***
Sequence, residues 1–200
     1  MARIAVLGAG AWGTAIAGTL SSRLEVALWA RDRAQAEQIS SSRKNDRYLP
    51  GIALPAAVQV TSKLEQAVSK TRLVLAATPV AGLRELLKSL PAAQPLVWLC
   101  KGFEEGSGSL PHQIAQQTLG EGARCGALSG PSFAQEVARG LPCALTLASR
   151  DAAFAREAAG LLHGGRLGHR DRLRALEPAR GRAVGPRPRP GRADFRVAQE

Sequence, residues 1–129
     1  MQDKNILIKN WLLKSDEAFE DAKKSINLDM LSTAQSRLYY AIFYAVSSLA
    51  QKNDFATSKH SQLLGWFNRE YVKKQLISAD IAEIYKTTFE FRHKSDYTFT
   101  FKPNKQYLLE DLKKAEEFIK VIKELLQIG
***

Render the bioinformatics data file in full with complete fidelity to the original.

Sequence, residues 1–200
     1  MARIAVLGAG AWGTAIAGTL SSRLEVALWA RDRAQAEQIS SSRKNDRYLP
    51  GIALPAAVQV TSKLEQAVSK TRLVLAATPV AGLRELLKSL PAAQPLVWLC
   101  KGFEEGSGSL PHQIAQQTLG EGARCGALSG PSFAQEVARG LPCALTLASR
   151  DAAFAREAAG LLHGGRLGHR DRLRALEPAR GRAVGPRPRP GRADFRVAQE

Sequence, residues 1–129
     1  MQDKNILIKN WLLKSDEAFE DAKKSINLDM LSTAQSRLYY AIFYAVSSLA
    51  QKNDFATSKH SQLLGWFNRE YVKKQLISAD IAEIYKTTFE FRHKSDYTFT
   101  FKPNKQYLLE DLKKAEEFIK VIKELLQIG